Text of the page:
As I mentioned above I was surprised to discover that I had shoe-lust. This sort of thing usually afflicts fashionable females and I don’t even wear makeup. This is either a profound success of some marketing department or some kind of deeply rooted expression of femininity*.
I incline to the latter point of view. My best friend (who is much more butch than I am) has a handbag problem, but understands my love of shoes in the same way I understand her handbag problem. She likes looking at shoes, but is fixated on handbags. I like looking at handbags, but am fixated by shoes. My sister has admitted that she gets her sparkly shoe fix out of buying shoes for her three year old daughter (my niece has a pair of blue glitter mary janes that I covet.) My mother (who is admittedly much more fashionable than either of her daughters) has a lovely collection of shoes. One of the butchest girls I know showed up at a party with a lovely pair of distressed ox blood Frye boots. “Yeah, I was feeling bummed because my girlfriend was out of town, so I indulged in some retail therapy.”
I’m writing this up because I don’t actually mind admitting that I have a shoe problem. I didn’t acknowledge my love of shoes for a long time because that was so…feminine. Ick! Gross! To be feminine is to be weak! I won’t try to explain this point of view in its entirety, but suffice to say that it is embarrassing to discover that I have the same weakness (shoes!) as the young ladies who work in my office who read gossip mags for fun. I have a very thin skin, so admitting any weakness and leaving myself open for ridicule is hard for me to do** But my although friends laugh and suggest that I might need a corrective shoe collar, I don’t retreat to my basement apartment and refuse to talk to anybody for a week. I laugh as well, and then suggest we check out the Birkenstocks at that place in Gloucester (don’t you need a new pair, Herr Baron?)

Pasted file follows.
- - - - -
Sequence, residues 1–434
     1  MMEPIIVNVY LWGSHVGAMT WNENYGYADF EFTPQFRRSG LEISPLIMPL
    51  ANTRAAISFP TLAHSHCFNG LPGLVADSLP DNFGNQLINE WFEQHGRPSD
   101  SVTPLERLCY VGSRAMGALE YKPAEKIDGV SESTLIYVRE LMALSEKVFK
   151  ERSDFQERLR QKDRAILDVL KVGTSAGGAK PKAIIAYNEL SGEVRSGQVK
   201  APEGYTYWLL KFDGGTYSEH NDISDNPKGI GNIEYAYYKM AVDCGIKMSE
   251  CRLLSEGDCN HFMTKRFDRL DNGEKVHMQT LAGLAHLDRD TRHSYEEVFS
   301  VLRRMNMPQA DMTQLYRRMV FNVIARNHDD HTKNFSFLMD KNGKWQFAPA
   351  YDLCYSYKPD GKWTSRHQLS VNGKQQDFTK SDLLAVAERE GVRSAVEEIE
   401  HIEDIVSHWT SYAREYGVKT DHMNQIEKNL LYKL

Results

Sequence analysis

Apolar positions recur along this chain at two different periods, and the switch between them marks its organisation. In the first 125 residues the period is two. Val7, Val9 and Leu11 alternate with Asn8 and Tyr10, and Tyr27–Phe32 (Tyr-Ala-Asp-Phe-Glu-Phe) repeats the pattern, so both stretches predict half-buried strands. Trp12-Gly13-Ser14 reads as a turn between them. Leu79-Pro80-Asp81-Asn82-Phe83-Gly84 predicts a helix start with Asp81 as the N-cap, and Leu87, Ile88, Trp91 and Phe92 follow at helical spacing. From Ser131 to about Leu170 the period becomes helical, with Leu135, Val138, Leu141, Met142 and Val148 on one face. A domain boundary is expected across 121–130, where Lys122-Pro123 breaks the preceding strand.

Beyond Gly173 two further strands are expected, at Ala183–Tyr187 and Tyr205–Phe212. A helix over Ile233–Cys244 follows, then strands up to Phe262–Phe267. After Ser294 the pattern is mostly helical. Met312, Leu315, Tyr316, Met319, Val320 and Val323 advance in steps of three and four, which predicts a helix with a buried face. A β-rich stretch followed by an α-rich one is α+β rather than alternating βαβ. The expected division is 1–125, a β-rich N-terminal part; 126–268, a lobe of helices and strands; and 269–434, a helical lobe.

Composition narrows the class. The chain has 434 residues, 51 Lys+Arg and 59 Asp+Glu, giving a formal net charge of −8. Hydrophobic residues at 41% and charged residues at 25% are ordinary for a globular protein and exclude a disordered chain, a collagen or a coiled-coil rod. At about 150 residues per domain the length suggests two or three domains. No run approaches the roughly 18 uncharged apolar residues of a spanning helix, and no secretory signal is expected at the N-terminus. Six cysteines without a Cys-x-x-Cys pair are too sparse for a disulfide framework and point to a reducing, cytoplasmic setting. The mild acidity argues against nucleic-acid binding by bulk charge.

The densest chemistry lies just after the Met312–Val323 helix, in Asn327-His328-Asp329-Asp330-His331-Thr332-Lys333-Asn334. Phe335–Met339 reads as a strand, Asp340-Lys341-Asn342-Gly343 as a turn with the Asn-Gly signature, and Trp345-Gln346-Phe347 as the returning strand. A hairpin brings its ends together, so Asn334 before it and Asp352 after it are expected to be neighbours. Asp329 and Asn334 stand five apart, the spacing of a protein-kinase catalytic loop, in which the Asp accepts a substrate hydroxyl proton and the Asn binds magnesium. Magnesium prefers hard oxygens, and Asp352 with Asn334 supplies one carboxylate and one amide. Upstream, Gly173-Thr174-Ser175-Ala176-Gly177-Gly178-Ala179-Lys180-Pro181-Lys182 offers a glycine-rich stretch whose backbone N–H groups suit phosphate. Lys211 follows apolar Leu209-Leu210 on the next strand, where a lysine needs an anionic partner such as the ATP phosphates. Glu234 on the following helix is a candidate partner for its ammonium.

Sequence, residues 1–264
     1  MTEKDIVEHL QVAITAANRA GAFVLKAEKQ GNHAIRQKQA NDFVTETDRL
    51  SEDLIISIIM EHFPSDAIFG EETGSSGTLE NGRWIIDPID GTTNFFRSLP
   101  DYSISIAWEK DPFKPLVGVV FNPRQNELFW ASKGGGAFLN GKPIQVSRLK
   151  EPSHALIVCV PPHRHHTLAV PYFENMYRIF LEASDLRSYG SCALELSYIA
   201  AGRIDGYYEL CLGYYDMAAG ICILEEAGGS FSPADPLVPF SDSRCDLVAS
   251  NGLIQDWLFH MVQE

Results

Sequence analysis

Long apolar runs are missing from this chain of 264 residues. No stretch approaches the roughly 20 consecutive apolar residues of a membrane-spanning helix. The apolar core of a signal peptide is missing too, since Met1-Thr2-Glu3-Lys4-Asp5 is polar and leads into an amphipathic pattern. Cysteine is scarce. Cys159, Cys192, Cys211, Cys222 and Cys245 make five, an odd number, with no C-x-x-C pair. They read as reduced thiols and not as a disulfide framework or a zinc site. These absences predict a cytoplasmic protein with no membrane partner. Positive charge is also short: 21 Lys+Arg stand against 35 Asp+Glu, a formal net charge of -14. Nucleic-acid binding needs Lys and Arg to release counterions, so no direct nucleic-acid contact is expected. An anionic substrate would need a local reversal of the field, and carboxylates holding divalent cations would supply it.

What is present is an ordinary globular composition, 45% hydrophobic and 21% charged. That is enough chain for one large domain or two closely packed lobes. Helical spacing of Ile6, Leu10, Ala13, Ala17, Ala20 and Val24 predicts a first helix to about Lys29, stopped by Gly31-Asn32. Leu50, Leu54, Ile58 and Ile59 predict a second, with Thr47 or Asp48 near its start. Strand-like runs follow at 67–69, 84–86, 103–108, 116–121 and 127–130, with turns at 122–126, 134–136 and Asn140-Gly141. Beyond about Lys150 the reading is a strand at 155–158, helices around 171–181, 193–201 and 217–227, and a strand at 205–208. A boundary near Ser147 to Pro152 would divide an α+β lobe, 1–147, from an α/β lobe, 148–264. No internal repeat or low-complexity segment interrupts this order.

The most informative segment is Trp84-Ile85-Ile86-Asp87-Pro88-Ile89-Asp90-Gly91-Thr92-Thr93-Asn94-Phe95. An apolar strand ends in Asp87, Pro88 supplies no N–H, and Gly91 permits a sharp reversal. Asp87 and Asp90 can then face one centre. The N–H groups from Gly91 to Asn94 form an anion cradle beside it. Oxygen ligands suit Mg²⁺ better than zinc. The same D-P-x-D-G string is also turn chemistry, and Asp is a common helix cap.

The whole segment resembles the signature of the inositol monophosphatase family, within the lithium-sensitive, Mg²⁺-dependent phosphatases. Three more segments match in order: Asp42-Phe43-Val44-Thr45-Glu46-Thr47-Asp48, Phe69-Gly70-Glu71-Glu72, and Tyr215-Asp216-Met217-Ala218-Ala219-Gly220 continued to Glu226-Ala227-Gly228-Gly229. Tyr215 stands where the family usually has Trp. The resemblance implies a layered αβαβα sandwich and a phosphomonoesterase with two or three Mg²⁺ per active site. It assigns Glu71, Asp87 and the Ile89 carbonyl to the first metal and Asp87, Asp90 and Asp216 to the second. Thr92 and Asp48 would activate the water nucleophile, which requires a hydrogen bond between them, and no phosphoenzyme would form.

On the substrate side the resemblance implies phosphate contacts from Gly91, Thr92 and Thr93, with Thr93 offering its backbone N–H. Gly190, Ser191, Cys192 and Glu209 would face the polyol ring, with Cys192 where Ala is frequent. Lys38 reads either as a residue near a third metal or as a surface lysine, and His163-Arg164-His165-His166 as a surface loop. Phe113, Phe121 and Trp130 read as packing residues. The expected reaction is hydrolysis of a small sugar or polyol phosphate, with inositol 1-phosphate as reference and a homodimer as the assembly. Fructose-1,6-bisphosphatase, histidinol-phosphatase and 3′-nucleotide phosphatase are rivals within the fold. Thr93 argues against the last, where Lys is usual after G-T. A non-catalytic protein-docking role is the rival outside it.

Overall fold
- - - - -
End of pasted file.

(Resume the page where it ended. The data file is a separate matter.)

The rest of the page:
I suppose, that once MBA school turns me into a ruthless capitalist I could get the kind of well-paying job that will allow me to no longer live in a one-room basement apartment. Then I can have room devoted to shoes. It will be full of beautiful confections that I’ll never actually wear. When I’m feeling low I can just stare at my collection of fanciful footgear and sigh.
*now there’s a word I hate.
** In my Cambridge life I live with my (now ex) boyfriend and a friend of ours who was an artist. The boy and I were going to see my favorite band Bishop Allen at the Middle East. They were opening for somebody else. When the roommate asked if we were staying for the next show my boy apparently responded something like “Eh. I don’t care and I don’t think she would want to see anyone follow Bishop Allen unless the Kinks showed up.” I got home from a bad day at work to discover that my roommate had drawn a cartoon of me in Hannibal Lector restraints wearing a Bishop Allen T shirt and a beer hat. I was so mortified I spent the next half hour on the porch feeling ashamed of my exuberance over the band I liked.